As with any tool that embodies a potentially new medium of interaction, Second Life has been the subject of much hype. Many companies that first embraced SL as a tool for connecting with customers have since left. Reuters, for example, set up a news bureau, reporting on all things SL.

In October of last year, they closed it. The obvious response is to say something like "see, Second Life isn't practical / useful... it's over-hyped".

I think it's important for companies to experiment and explore how new technologies might inform their interaction with information and with others. I'm sure Reuters has learned much more through this "failure" than they would have if the project had been a success.

The value of experimenting is often found in the process, not in the outcome.


Future of Libraries


Libraries are often cited as a dying concept. In my home community, we recently built a new, expensive library... and it looks like a library. Bigger than the older building and with more books. Not much in the innovation category.

However, on universities campuses, libraries are often among the busiest areas on campus. It might have something to do with free wireless, Starbucks, comfortable seating, etc.

Regardless, the library field has managed to effectively reposition itself for the digital era. Academics have much to learn from the libraries to learning commons change.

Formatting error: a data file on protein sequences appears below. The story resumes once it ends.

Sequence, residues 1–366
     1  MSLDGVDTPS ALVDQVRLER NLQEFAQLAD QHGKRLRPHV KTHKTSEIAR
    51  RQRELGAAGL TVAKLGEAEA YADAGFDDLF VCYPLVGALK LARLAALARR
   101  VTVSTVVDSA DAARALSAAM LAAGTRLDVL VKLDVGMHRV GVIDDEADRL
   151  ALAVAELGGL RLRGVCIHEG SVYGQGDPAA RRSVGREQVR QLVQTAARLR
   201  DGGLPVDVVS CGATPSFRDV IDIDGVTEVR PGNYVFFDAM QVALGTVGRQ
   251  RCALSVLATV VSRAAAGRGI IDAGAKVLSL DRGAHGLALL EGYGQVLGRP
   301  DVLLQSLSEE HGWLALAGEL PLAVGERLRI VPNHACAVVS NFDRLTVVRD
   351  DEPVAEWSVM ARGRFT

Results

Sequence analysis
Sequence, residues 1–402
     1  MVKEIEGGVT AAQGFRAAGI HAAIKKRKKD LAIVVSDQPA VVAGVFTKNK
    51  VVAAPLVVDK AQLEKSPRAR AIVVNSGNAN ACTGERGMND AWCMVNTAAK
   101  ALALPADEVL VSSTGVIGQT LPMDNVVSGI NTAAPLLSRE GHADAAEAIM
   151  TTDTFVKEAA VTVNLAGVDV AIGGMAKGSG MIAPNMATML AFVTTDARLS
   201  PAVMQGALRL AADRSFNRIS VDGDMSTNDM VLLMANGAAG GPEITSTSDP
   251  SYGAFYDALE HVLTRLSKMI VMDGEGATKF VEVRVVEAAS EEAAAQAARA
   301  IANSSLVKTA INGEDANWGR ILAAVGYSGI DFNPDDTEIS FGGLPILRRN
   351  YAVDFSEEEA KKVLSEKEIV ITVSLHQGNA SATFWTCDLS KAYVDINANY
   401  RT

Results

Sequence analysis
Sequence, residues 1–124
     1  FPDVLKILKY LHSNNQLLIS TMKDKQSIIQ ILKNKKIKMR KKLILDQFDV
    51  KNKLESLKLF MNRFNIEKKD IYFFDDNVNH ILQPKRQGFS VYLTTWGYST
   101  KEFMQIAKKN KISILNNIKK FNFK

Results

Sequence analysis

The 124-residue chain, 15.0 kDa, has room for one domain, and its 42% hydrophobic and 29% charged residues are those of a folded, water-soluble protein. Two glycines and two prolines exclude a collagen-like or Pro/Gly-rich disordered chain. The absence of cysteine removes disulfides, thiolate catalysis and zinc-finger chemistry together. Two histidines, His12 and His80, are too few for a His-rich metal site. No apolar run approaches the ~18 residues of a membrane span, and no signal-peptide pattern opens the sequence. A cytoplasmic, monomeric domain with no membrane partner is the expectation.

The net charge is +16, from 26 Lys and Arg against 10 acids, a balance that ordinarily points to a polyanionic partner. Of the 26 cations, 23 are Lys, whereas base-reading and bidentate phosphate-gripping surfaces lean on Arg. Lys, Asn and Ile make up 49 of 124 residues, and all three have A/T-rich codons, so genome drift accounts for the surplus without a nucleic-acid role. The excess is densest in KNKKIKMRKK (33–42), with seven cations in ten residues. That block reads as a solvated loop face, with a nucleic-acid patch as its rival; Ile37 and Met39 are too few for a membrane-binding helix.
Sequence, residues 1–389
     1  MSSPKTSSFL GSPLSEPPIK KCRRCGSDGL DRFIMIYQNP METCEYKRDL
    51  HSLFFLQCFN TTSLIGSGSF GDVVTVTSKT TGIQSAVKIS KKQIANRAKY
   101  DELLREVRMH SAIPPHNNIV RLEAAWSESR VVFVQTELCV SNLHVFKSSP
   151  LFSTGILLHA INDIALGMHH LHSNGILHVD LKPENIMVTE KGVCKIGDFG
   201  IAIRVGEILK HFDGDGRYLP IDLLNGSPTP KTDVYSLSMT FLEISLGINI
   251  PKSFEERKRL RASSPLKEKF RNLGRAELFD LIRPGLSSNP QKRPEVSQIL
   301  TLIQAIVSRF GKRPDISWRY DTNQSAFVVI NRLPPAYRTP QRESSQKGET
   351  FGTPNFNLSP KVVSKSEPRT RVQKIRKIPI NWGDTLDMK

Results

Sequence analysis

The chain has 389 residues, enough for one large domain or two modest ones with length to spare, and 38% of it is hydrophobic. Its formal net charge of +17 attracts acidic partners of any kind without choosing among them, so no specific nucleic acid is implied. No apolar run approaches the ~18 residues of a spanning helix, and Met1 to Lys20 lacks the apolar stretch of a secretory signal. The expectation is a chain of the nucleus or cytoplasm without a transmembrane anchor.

Confessions of a Science Librarian has compiled a list of 29 reports on the future of academic libraries.


CCK08 Wrapup Recording


This afternoon, we held a wrapup conversation for CCK08... the recording is now available.

We discussed a wide-range of topics, including lurking in online environments, lessons learned from CCK08, Stephen's serialized course feeds, what we'll do differently for the September '09 offering of the course, etc.

At about the 40 minute mark, we had an interesting discussion on assessment in education.

My own view: assessment should be seen as matching patterns: what the learner knows and what she / he needs to know in order to achieve a degree / certificate. Instead of assessment conducted after a course, a combination of PLE / e-Portfolios and the patterns we exhibit through our daily online interaction / learning could serve as the basis for determining what field we are more qualified to work in.

If I decide I want a career change, I should be able to match my existing skill set and expertise against the established criteria of other fields... and receive information on transference of existing learning.